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Wednesday, January 17, 2007

Rated R (2000)

"Feel Good Hit of the Summer" The last time I saw a truly great show was Queens of the Stone Age on the last Saturday night of an October, touring on this. I met my friends late, or we all dribbled in. People were wearing masks and costumes. The opening band was OK. Waiting for the headliner, the floor steadily filling as people moved forward and jockeyed for position, I got into an argument with a friend who told me he was going to vote for George W. Bush. I couldn't even begin to imagine. After ten or fifteen minutes of it a mutual friend stepped in and judiciously endorsed Dubya's social security privatization scheme. Back then, Republicans still talked about "privatization" because it still tested well. First guy: Furthermore, Al Gore too socialist. My whole world turned upside down. The millennium -- it was here. Then the Queens came on and opened with "Nicotine, valium, vicodin, marijuana, ecstasy and alcohol"; the aroma of baking opened up around us on all sides with hippie-style sharing of wares. The roar emanating stageward pounded as seductive as it was bruising. All you had to do was feel it. Dancing desperately to the beguiling, insistent throb immediately became the order of the night. The joy felt visceral and deep-red, as if one had just survived a disaster, something in the desert. Something that came from the desert.

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Sunday, January 14, 2007

Marquee Moon (1977)

"See No Evil" Anyone familiar with England's Dreaming by Jon Savage understands the case for the punk-rock bands of mid-'70s New York City actually being the horse that pulls the cart of London's Sex Pistols/Clash punk-rock. Don't get the cart in front of the horse. The Ramones came out in 1976, the obvious black leather monolith for much of what followed in the hallowed year of 1977, and that was known as punk-rock from the first gleam. Not to mention the Dolls or Patti Smith. But the question no one has yet answered well remains: What's freakin' in common about the rest of them? You tell me: Blondie, the aforementioned Dolls and Patti Smith, Richard Hell, Talking Heads. Perhaps most mysterious of all, Television -- hippies who took on the guise of a '60s garage-rock band, even as they made a point of punting away any and all sign of the 1-2-3-4 attack, with or without three-minute pop sensibilities, favored by their many peers. This stuff is way, way closer to the Dead's "Dark Star" or Pharoah Sanders's Karma than "Now I Wanna Sniff Some Glue." (Another question that has occurred to me: Does the band's name derive from Tom Verlaine's initials?)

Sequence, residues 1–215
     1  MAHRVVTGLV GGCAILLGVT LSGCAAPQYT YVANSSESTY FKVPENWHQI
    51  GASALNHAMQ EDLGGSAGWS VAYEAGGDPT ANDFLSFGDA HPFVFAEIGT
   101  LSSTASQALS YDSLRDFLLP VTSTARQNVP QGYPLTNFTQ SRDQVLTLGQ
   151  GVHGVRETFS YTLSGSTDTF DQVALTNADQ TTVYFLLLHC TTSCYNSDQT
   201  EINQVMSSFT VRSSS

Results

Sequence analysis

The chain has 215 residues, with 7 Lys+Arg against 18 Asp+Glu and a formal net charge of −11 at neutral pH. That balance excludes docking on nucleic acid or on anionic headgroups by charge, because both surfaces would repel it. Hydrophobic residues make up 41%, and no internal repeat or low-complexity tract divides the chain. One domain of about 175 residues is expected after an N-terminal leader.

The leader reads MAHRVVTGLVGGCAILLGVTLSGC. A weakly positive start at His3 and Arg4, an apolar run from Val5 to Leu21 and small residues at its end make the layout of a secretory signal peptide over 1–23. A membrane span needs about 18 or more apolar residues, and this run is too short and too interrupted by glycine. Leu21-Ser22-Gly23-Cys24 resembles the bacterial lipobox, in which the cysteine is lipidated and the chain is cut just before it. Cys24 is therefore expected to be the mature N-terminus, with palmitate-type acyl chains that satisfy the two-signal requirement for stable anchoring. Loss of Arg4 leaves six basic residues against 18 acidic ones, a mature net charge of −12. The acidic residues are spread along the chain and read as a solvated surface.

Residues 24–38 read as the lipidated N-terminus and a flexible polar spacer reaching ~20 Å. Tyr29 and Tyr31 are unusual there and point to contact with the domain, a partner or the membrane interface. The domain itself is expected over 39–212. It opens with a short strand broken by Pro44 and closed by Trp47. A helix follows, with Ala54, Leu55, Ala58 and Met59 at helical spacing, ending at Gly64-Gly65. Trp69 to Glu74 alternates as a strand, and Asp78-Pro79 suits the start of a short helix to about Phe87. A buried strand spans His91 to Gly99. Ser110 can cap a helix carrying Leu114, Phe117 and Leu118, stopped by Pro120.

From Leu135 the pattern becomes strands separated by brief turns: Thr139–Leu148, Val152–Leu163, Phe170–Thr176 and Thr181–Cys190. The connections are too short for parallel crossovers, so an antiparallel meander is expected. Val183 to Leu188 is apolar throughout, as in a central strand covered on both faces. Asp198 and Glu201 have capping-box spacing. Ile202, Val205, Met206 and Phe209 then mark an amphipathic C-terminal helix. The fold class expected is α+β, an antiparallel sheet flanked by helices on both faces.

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Saturday, January 13, 2007

Love Wars (1983)

"Love Wars" A very sweet and often stirring dialogue between a twenty-something married couple. The 1-2-3-4 vinyl first side attack of title song, "Express Yourself," "Baby I'm Scared of You," and "T.K.O." performs a kind of psychological onomatopoeia and the love knockout has happened to you in tandem with the performers. Then they rhyme that title on the side 2 kickoff "A.P.B." It's playful that way, often charming. After the lovely overture "Love Wars," come increasingly open, sometimes sexualized, always brave vulnerabilities-powered statements of views between two sensitive adults who care a lot for one another. The kinds of discussions and feelings and views found in any serious, mature relationship. So if you ever hear someone call this "for adults only," don't be confused. This one is solid all the way through.